April 2014
Volume 55, Issue 13
Free
ARVO Annual Meeting Abstract  |   April 2014
Corneal Pharmacokinetics of Meropenem
Author Affiliations & Notes
  • Henri Sueke
    Ophthalmology, Royal Liverpool University Hospital, Liverpool, United Kingdom
    Eye and Vision Science, University of Liverpool, Liverpool, United Kingdom
  • Tim Neal
    Ophthalmology, Royal Liverpool University Hospital, Liverpool, United Kingdom
  • Stephen J Tuft
    Ophthalmology, Moorfields Hospital, London, United Kingdom
  • Mark Wilkinson
    Eye and Vision Science, University of Liverpool, Liverpool, United Kingdom
  • Yalin Zheng
    Eye and Vision Science, University of Liverpool, Liverpool, United Kingdom
  • Craig Winstanley
    Eye and Vision Science, University of Liverpool, Liverpool, United Kingdom
  • Stephen Kaye
    Ophthalmology, Royal Liverpool University Hospital, Liverpool, United Kingdom
    Eye and Vision Science, University of Liverpool, Liverpool, United Kingdom
  • Footnotes
    Commercial Relationships Henri Sueke, None; Tim Neal, None; Stephen Tuft, None; Mark Wilkinson, None; Yalin Zheng, None; Craig Winstanley, None; Stephen Kaye, None
  • Footnotes
    Support None
Investigative Ophthalmology & Visual Science April 2014, Vol.55, 5789. doi:
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    • Get Citation

      Henri Sueke, Tim Neal, Stephen J Tuft, Mark Wilkinson, Yalin Zheng, Craig Winstanley, Stephen Kaye; Corneal Pharmacokinetics of Meropenem. Invest. Ophthalmol. Vis. Sci. 2014;55(13):5789.

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      © ARVO (1962-2015); The Authors (2016-present)

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Abstract
 
Purpose
 

To evaluate the corneal pharmacokinetics of meropenem, a potentially novel antimicrobial in treating bacterial keratitis we quantify (1) the toxicity of meropenem compared to moxifloxacin on corneal cells in culture (2) the corneal penetration of meropenem across corneas mounted on artificial anterior chambers.

 
Methods
 

Human keratocyte cells (HKCs) and human corneal epithelial cells (HCE-Ts) in culture, were treated with either 5mg/ml or 2.5 mg/ml of meropenem or moxifloxacin for 1 hour. MTT cell viability assay was used to compare cell toxicity. Absorbance was read using an automated microplate reader and cell viability was expressed as percentages in relation to controls. Cell morphology of HKCs and HCE-Ts were assessed with fluorescent microscopy after incubation with meropenem compared to controls. Human cadaver corneas were used in corneal penetration experiments. Epithelium and endothelium were removed mechanically and corneas were mounted onto artificial anterior chambers. 10mg/ml of meropenem was inserted onto the corneas and samples of fluid in the artificial anterior chamber were removed at 45minutes, 1.5hrs, 3.5hrs and 24hrs. Meropenem concentrations were estimated from corneal homogenate and anterior chamber samples using; (1) disc diffusion bioassay measuring zones of inhibition when samples incubated with Escherichia Coli on agar plates and (2) reverse-phase High-Performance Liquid Chromatography (HPLC).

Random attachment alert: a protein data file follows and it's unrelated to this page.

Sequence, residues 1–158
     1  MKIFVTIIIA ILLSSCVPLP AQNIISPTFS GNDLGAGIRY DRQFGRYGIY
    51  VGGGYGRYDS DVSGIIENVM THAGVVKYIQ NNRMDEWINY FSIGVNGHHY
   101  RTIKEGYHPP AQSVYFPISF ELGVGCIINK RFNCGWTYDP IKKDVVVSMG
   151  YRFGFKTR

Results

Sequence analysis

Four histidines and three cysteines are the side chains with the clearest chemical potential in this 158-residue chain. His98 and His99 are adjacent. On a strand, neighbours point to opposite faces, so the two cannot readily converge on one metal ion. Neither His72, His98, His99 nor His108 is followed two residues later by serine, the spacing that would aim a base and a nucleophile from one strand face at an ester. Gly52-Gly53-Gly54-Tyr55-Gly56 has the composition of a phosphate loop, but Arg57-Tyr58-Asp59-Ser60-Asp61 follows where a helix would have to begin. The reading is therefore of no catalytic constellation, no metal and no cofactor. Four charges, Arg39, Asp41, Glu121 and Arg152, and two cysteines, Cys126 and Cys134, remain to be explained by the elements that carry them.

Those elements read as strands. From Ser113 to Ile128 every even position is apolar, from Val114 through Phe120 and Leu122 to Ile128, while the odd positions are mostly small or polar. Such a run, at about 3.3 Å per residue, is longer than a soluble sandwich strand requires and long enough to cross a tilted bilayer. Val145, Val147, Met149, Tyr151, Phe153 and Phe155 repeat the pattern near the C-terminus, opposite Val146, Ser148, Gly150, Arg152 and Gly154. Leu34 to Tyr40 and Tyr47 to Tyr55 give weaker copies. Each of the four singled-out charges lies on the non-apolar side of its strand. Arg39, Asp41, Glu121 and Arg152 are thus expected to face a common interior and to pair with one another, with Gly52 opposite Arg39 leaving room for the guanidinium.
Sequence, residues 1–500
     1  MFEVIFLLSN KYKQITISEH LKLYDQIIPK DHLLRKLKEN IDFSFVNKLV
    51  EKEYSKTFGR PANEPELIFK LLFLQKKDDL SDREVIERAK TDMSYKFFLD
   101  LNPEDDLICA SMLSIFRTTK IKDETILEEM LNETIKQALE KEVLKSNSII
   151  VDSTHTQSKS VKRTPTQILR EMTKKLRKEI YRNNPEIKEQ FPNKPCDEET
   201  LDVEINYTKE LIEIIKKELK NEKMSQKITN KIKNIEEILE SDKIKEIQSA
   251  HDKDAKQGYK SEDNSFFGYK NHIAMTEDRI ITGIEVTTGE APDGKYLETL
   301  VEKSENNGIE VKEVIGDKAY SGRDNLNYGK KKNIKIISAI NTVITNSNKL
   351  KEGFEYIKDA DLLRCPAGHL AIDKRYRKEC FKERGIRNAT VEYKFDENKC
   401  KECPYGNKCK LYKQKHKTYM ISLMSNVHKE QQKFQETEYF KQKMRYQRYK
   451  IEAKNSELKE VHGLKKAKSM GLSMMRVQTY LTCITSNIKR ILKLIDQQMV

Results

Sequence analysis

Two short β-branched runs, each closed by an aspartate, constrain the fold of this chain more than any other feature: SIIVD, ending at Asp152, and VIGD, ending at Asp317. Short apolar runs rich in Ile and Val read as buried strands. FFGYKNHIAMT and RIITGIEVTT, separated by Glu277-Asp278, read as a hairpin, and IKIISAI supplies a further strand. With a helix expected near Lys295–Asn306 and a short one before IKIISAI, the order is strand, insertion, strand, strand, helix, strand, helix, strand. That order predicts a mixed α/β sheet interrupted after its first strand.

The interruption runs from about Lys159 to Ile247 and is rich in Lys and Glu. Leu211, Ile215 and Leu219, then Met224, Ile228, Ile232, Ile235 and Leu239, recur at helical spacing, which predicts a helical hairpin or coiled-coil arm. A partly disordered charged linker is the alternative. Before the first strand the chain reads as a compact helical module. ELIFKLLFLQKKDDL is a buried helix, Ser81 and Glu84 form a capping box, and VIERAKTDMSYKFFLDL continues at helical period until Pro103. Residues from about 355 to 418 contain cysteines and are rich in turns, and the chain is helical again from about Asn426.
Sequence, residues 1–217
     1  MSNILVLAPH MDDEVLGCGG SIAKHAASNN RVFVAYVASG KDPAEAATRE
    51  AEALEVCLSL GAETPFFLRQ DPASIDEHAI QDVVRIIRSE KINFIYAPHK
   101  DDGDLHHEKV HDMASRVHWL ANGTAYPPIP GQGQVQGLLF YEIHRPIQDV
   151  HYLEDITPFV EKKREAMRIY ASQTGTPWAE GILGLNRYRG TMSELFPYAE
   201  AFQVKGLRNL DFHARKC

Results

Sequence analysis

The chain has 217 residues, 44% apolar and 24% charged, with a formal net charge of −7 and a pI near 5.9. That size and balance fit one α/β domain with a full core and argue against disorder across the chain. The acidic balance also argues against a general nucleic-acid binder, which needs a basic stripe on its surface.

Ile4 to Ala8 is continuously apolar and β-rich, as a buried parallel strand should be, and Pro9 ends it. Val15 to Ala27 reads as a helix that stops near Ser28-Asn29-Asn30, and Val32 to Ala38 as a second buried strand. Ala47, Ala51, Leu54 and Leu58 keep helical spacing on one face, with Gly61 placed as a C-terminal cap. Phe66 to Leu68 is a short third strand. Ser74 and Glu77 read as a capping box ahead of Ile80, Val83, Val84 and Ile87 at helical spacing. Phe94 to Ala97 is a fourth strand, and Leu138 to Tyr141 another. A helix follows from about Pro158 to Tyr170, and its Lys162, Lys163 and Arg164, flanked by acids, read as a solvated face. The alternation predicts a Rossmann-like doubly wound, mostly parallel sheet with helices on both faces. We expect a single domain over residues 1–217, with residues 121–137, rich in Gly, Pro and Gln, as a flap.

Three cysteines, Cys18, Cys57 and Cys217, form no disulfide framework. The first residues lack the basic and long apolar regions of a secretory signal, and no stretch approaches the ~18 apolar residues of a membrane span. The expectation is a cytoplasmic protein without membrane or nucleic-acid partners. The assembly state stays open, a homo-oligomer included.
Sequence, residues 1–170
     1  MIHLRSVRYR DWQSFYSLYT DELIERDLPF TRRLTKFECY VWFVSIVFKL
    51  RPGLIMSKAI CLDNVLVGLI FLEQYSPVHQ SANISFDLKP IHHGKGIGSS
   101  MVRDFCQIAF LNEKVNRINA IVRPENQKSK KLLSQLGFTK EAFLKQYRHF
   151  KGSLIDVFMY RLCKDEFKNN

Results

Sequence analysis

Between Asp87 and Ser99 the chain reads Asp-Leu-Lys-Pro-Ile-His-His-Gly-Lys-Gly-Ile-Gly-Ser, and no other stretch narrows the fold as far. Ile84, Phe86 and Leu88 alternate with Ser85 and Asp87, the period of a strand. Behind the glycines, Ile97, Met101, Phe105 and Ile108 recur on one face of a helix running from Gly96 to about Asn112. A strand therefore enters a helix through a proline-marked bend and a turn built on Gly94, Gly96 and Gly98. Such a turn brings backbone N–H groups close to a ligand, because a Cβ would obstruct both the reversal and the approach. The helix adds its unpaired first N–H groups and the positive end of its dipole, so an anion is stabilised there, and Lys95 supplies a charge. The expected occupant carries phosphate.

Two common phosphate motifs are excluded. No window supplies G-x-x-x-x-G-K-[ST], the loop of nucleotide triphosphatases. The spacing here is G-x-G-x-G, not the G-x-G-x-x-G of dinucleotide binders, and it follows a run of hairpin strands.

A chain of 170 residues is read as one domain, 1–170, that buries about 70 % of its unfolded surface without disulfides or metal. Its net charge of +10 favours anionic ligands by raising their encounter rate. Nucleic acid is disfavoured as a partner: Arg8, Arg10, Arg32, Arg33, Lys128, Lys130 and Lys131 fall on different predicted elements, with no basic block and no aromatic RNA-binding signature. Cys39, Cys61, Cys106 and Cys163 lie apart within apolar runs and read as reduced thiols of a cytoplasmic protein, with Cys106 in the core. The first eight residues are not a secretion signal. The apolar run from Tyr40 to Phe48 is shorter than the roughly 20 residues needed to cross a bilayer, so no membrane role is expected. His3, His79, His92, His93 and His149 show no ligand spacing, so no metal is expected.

Results
 

MTT assays of HCE-T and HKC cells showed meropenem had significantly higher cell viability at both 5mg/ml and 2.5mg/ml compared to moxifloxacin p<0.05. Cell morphology of meropenem was indistinguishable from controls. Graph 1 summarises the diffusion of meropenem across 18 corneas. The mean corneal penetration of meropenem even at the earliest sampling point (45 minutes) were 4 times higher than the MIC90 seen with meropenem against keratitis isolates in a previous study. Concentrations of meropenem were seen to increase steadily throughout the sampling time period. Meropenem concentrations measured with bioassay were much higher than HPLC measurements.

 
Conclusions
 

We have previously shown meropenem to have excellent in vitro activity against both Gram positive and Gram negative isolates from patients with bacterial keratitis. This study suggests a good safety profile against corneal cells in culture. High corneal penetration of meropenem was seen at the earliest sampling point well in excess of the MIC90.

  
Keywords: 573 keratitis • 422 antibiotics/antifungals/antiparasitics • 480 cornea: basic science  
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